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#41434
Please post your questions below!
 LSAT1802017
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#43312
Can someone please explain this Q? This one was the hardest one and I just can't figure out how I should approach this Q. Thanks!!!
 Emily Haney-Caron
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#43332
Hi LSAT1802017,

Basically, the stimulus is saying that Traintrack's food being not as good makes sense because it is in a convenient location. You might find yourself wondering why those two things are related; how come having crummy food follows from being conveniently located? We're looking for a principle that says that convenient location = less delicious food, in some way.

D is the only answer that comes anywhere close to giving us that.

If you want to tell us how you approached this question and which answer you chose, that will help us give an answer more tailored to you!
 mepstlsat24
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#43430
Why is B wrong? Is it because moving locations does not matter? Or is it just too general of an answer?
 Adam Tyson
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#43450
The problem with answer B, Meps, is that it fails to connect the location to the quality of the food. As Emily pointed out, the author here is telling us that we should expect lower quality food when the location is convenient, and that is the relationship that we need our principle to address. "Popular" isn't the issue; food that is "fairly ordinary" (as opposed to exceptional) is what matters most. We need a principle that bridges the gap between the premise of a convenient location and the conclusion that we should not be surprised by ordinary food. B just doesn't cross that gap for us.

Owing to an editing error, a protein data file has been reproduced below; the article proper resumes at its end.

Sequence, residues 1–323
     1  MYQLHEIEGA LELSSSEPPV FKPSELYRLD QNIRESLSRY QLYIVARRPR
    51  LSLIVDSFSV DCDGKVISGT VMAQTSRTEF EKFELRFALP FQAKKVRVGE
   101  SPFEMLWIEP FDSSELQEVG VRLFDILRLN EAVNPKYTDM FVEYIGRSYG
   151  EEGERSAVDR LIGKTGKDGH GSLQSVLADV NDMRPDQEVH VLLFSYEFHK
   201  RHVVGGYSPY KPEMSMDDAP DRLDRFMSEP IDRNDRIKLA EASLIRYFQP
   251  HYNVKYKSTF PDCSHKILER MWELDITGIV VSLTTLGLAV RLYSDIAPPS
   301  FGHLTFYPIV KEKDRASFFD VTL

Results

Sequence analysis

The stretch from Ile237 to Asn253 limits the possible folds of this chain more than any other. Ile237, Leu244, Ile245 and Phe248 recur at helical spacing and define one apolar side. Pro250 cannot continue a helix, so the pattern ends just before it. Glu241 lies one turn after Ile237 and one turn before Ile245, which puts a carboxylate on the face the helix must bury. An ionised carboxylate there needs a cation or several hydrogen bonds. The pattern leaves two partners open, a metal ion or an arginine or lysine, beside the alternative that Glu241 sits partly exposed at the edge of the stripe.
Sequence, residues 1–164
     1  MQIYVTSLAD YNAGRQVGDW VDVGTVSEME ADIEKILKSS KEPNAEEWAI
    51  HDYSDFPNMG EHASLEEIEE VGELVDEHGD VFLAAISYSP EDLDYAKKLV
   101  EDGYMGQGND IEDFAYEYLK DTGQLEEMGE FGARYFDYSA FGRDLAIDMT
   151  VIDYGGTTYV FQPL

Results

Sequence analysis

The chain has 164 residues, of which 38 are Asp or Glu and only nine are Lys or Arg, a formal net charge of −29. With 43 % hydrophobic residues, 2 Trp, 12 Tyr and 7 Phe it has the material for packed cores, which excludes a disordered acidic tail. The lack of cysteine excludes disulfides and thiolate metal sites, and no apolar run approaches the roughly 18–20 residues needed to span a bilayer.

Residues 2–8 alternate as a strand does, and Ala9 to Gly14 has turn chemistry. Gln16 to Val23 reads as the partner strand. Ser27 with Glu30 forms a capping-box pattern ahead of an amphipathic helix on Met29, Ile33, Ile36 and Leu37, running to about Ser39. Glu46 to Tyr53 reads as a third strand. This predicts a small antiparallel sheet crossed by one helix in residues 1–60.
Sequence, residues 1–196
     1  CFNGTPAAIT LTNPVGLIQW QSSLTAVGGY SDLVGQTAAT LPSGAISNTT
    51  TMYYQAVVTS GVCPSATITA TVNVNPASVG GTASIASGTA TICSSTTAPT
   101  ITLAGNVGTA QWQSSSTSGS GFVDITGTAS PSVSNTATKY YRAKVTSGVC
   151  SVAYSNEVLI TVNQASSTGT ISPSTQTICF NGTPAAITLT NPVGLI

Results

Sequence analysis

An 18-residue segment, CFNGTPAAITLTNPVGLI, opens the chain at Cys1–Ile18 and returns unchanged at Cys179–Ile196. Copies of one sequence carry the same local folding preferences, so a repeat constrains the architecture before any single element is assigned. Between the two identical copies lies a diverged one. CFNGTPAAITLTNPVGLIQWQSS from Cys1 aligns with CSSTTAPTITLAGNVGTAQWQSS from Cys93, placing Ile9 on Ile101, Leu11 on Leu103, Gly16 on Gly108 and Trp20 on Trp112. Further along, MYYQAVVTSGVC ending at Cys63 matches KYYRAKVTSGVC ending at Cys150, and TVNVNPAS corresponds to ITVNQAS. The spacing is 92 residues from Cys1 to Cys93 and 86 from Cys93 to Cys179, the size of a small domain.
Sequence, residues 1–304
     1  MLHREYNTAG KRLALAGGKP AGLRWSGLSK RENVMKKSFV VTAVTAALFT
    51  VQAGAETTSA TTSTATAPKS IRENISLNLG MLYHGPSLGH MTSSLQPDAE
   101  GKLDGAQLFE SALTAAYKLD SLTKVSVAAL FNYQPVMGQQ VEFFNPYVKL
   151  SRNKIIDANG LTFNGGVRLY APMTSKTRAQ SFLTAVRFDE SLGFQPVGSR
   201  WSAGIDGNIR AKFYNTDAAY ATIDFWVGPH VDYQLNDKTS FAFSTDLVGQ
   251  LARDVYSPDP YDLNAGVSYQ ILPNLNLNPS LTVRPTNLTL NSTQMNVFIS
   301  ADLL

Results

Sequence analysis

mepstlsat24
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#43528
Thank you!
 mepstlsat24
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#43529
Thank you!
 LSAT2018
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#59468
So the premise is that location by itself is enough to guarantee a steady flow of customers (Location → Attract Customers). Therefore Traintrack Inn did not improve its products.


Answer (D) is the contrapositive of this. So when it is not necessary to improve products in order to attract customers, a business will not improve its products. I would like to ask how the 'guarantee a steady flow of customers' matches up with 'not necessary' part.
 jayzbrisk
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#63521
The problem that I had with this question is that I understood the discrepancy to be the fact that Traintrack was popular even though it has ordinary food. With this understanding, the critic was explaining that the reason for its popularity was because of its convenient location. Which left me with choice E because it says that the popularity of a restaurant does not depend on its food.

Why am I wrong in the way I understood this paragraph and question???
 James Finch
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#63542
Hi Jay,

This stimulus is absolutely designed to throw people off. At first glance, a Prephrase saying that location is more important than food quality for a restaurant's popularity. But in fact the argument being made by the stimulus is that a restaurant's food quality is caused by its level of popularity; if the restaurant is already popular due to another factor, it won't make good food. If a restaurant doesn't have anything else to rely on for customers, then it must make superior food. So (D), as a principle, bolsters that causal link.

(E) instead tries to break the link between food quality and popularity. But we don't know this; if anything, the stimulus would imply that a restaurant that suffers from a lack of popularity would do everything it could to improve its food.

Hope this clears things up!

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